Western officials noted that Russia may be reassessing the basis for maritime borders in order to revise maritime zones in the Baltic Sea.Finnish Foreign Minister Elina Valtonen stated on May 22 that the Finnish Foreign Ministry (MFA) is reviewing the reports about Russia’s reassessment and that Finland expects Russia to act according to the UN Convention of the Law of the Sea. Finnish Prime Minister stated that Russia’s review of maritime borders will likely be routine and that Finland is not worried about the reassessment. Lithuanian Foreign Minister Gabrielius Landsbergis announced that Lithuania summoned the Russian charge d’affaires in connection with the reassessment. The Lithuanian MFA told Politico that Lithuania sees Russia’s actions as “deliberate, targeted, escalatory provocations to intimidate neighboring countries and their societies.” The Lithuanian MFA added that the Russian MoD’s proposal is “further proof that Russia’s aggressive and revisionist policy is a threat to the security of neighboring countries and Europe as a whole.” Swedish Commander-in-Chief Mikael Byden expressed concern about Russian ambitions in the Baltic Sea and warned that Russian President Vladimir Putin aims to control the Baltic Sea and that Putin “has his eyes” on the island of Gotland. Byden did not rule out the possibility that Russia is already using oil tankers to conduct reconnaissance and sabotage in the Baltic Sea and near Gotland.

Key Takeaways:

  • The Russian Ministry of Defense (MoD) proposed on May 21 that the Russian government reassess Russia’s maritime borders in the Baltic Sea so that these borders “correspond to the modern geographical situation.”
  • Kremlin and Russian MoD officials denied on May 22 that Russia is planning to change the Russian maritime border, but invertedly implied that the Russian government is considering undertaking some “security” measures in the Baltic Sea.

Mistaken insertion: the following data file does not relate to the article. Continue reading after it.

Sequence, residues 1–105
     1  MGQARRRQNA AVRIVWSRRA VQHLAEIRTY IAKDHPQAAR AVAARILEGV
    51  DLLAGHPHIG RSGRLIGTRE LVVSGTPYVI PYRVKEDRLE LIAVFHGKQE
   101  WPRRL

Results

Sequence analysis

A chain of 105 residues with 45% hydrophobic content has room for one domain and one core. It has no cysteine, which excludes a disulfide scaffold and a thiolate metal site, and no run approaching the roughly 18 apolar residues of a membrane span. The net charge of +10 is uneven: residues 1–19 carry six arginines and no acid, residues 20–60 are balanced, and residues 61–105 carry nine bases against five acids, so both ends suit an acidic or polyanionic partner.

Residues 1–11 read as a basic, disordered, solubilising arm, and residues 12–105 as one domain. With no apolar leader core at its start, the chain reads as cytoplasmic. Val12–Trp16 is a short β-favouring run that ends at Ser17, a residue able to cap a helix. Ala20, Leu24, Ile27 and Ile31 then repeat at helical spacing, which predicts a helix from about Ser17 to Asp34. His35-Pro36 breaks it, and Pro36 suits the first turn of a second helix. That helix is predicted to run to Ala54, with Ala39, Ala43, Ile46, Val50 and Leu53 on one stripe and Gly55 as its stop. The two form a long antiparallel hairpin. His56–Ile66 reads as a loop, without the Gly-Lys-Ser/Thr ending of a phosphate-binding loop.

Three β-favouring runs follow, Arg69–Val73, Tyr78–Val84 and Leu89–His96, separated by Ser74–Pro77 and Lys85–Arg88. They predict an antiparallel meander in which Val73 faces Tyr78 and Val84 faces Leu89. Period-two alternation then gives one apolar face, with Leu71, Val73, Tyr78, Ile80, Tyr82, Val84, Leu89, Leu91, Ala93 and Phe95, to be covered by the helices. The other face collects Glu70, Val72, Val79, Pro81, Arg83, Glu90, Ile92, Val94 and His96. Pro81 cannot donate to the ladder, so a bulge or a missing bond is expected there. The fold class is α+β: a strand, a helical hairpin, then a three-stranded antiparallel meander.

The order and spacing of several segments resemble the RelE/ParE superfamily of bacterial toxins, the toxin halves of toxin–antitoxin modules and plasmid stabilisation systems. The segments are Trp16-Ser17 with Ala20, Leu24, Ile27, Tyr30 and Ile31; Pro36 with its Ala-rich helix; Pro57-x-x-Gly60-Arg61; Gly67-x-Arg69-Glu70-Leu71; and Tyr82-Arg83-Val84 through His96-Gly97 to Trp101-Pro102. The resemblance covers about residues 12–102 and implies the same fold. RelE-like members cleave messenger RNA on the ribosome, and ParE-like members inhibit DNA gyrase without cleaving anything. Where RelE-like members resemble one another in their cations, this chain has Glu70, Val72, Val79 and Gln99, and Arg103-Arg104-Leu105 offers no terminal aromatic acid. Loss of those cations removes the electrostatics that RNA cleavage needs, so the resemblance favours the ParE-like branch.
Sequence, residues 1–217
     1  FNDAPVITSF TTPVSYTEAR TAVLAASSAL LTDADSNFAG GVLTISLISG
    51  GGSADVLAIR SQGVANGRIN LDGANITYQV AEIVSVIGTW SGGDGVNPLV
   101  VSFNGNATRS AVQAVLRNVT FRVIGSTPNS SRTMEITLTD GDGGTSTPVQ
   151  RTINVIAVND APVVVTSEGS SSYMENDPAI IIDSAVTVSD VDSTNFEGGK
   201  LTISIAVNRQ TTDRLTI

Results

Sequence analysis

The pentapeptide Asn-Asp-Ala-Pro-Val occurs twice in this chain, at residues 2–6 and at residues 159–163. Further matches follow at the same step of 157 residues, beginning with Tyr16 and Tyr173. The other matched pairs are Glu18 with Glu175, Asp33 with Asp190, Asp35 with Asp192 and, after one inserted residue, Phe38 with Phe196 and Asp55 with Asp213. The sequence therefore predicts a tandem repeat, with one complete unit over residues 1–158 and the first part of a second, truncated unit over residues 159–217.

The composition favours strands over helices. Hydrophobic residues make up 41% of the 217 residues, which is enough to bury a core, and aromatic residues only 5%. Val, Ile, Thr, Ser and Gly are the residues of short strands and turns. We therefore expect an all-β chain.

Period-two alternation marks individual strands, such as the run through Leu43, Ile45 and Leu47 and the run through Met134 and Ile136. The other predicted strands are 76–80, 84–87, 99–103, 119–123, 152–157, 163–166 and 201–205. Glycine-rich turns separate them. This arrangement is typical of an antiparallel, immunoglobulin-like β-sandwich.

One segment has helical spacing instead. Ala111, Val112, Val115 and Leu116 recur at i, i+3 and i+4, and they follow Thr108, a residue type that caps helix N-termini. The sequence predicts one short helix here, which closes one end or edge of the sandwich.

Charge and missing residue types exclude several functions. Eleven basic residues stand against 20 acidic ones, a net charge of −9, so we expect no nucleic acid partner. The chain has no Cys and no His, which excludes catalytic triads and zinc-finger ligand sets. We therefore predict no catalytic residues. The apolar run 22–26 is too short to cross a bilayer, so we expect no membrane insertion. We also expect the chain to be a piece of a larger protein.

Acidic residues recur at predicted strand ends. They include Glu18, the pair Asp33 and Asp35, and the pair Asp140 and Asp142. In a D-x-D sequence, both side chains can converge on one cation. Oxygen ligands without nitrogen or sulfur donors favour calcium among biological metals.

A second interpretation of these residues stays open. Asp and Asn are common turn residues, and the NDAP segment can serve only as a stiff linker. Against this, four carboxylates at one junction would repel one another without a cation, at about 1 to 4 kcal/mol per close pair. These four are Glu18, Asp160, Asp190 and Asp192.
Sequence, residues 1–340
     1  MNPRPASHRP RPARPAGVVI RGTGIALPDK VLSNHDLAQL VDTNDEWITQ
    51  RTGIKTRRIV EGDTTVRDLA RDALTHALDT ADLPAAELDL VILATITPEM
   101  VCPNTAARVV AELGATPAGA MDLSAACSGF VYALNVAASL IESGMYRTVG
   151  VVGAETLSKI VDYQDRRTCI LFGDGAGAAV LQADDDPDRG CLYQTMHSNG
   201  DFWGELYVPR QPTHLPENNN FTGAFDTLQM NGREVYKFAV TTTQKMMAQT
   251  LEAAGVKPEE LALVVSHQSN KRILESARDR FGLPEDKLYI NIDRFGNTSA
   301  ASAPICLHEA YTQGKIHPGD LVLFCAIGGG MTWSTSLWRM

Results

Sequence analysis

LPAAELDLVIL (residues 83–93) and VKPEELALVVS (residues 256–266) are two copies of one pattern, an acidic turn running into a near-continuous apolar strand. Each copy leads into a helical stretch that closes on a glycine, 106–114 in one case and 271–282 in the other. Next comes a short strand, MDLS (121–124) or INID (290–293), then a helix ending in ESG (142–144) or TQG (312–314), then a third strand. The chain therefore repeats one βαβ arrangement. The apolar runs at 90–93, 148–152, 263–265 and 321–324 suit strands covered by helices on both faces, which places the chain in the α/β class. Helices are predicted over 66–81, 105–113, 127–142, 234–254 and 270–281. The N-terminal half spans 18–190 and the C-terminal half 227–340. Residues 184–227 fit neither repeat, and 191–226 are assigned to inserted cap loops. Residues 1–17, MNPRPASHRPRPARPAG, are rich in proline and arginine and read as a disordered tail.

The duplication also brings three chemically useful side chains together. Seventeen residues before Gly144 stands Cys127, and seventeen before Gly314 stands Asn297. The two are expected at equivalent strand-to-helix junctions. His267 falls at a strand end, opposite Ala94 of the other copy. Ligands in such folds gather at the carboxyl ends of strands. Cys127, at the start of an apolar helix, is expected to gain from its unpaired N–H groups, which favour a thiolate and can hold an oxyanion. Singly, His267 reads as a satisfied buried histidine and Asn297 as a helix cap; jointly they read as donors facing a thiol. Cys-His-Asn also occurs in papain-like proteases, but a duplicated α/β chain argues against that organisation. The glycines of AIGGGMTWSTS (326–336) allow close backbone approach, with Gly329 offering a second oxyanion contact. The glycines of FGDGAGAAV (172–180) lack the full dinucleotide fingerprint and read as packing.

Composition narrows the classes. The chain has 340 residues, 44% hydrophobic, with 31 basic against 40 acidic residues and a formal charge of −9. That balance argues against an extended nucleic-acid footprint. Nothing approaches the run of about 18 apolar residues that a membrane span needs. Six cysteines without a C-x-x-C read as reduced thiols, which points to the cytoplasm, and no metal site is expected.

• Western officials noted that Russia may be reassessing the basis for maritime borders in order to revise maritime zones in the Baltic Sea.
  • The Kremlin appears to be developing a system to legalize the status of Russia’s so-called “compatriots abroad,” likely as part of its efforts to set information conditions to justify further aggression and hybrid operations abroad as “protecting” Russia’s compatriots.
  • United Kingdom (UK) Defense Minister Grant Shapps stated on May 22 that US and UK intelligence have evidence that the People’s Republic of China (PRC) “is now or will be” providing lethal military assistance to Russia, a statement that US National Security Advisor Jake Sullivan questioned.
  • Western officials warned that Russian intelligence services intend to increase sabotage activities and other hybrid operations against NATO member countries.
  • US Space Command reported on May 21 that Russia recently launched an anti-satellite weapon, the most recent report that Russia intends to field disruptive anti-satellite capabilities.
  • Armenian Prime Minister Nikol Pashinyan indirectly accused Russia and directly accused Belarus of helping Azerbaijan to prepare for the 2020 Nagorno-Karabakh War, against the backdrop of deteriorating Armenian-Russian relations.
  • Ukrainian forces recently recaptured territory near Vovchansk and Chasiv Yar, and Russian forces recently marginally advanced near Vovchansk, Avdiivka, Donetsk City, and Velyka Novosilka.
  • Russian courts reportedly began forcibly hospitalizing Russians charged with political crimes such as spreading “fake” information about the Russian military, in psychiatric hospitals.

For full report:  https://www.understandingwar.org/backgrounder/russian-offensive-campaign-assessment-may-22-2024